We pride ourselves in organisation but Carla, from Pretty Organised, takes things to a whole new level. Over the next few weeks Carla will be sharing her top tips for how us mamas can get seriously organised.
Carla is also mama of 2 year old Nikolaas, so naturally the first place for any mama to start organising is toys!
Setup a play area in your home
I found that having a designated area for toys helps to keep things organised. You can use a wooden box, a plastic container, a basket, a toy chest, or a bookshelf with several bins to organise toys. Decide what goes where and let this be a measure of whether you are accumulating too many toys. I have a large toy basket that holds the majority of Nikolaas’ toys (which doesn’t include stuffed animals and books)
Keep it simple
When organising your child’s toys, keep it simple and decluttered. Go through the toy room every change of season to get rid of old, broken items that children no longer play with. Getting into the habit of regularly decluttering will save you time and space in the long run.
When Nikolaas and I did Kindermusik the teacher ,Tracey, taught us a sweet song, “Toys away”, which gently taught children about packing toys back where they belong after playing with them. It has stuck with us and we still sing it whenever we are packing toys away. I think it is important to have little ones help cleaning up. This way they notice all the different toys they have to play with. It also teaches them to take responsibility for their belongings.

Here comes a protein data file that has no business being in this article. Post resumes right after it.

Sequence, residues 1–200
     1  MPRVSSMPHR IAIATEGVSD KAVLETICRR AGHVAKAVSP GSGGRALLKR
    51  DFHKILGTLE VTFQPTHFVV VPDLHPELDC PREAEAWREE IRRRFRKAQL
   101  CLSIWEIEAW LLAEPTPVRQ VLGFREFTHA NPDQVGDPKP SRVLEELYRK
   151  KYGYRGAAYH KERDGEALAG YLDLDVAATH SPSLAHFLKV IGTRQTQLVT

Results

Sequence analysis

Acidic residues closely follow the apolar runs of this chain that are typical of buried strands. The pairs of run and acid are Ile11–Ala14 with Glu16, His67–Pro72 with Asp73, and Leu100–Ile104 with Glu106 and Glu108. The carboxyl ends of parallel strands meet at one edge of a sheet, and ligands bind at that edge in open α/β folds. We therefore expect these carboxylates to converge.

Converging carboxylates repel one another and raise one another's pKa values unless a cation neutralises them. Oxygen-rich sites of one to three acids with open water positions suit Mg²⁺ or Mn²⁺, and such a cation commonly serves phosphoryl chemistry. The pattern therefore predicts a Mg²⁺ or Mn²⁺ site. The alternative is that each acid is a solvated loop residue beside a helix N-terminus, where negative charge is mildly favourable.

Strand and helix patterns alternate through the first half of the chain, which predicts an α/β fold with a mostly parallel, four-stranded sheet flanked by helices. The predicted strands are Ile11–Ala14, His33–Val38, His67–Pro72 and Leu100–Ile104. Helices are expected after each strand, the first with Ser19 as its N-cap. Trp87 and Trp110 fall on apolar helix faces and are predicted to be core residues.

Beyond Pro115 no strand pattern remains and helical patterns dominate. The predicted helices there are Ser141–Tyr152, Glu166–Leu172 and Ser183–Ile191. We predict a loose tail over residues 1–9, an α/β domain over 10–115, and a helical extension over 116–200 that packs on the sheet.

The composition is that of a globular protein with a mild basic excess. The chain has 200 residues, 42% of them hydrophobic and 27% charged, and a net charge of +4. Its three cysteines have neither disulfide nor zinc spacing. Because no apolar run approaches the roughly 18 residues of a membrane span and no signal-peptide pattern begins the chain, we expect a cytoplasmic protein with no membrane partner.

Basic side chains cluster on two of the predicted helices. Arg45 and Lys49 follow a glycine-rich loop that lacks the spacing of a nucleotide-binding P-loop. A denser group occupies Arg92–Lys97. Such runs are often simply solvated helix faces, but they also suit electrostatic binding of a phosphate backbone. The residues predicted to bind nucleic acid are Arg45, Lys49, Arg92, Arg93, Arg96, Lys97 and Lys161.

Take stock and donate toys
Once every few months it is a good idea to take stock of all your child’s toys to determine which toys are being used the most and which ones are no longer played with. This is especially important in the early stages of your child’s life and will help determine which toys are age appropriate. In South Africa there are so many orphanages and thus a great need for toys to be donated, so get into the habit of making a donation from your stock when necessary. Once your child is old enough, involve him in choosing toys to donate and explain how happy any unused toys will make another child.
Create a cycle of toys so that kids don’t get bored. Store some books and toys away and then, in a few weeks or months, rotate the ones from storage. To help you remember to rotate, make a note on your calendar.
Receiving toys as gifts
When it comes to birthdays, let your family know that you are trying to manage the number of toys that your child receives. I try to have a chat with my family before Christmas or Nikolaas’ birthday. We discuss options for gifts and if there is something specific we would like to get him. This year we decided to buy him a wooden kitchen. It helped so much that the family contributed, because we could get him a good quality gift that would outlast other toys. Asking for books is always a great option if it is difficult to chat to your family or if they live far away.There are so many wonderful children’s books and they seem to be far more manageable than toys.
I find it helps to categorize and store toys by type (cars, dolls, puzzles, etc.) I do like the idea of a toy box which is filled with a bit of everything, a toy box is especially nice when friends visit and you want to set up a play area. This will give children more options when they decide what to play with.
Shelves help children see what toys they have. When storage boxes are used, try labelling them with large words or pictures to help children identify their contents or use clear plastic containers. Place frequently used toys on low shelves, to make it easier for children to reach.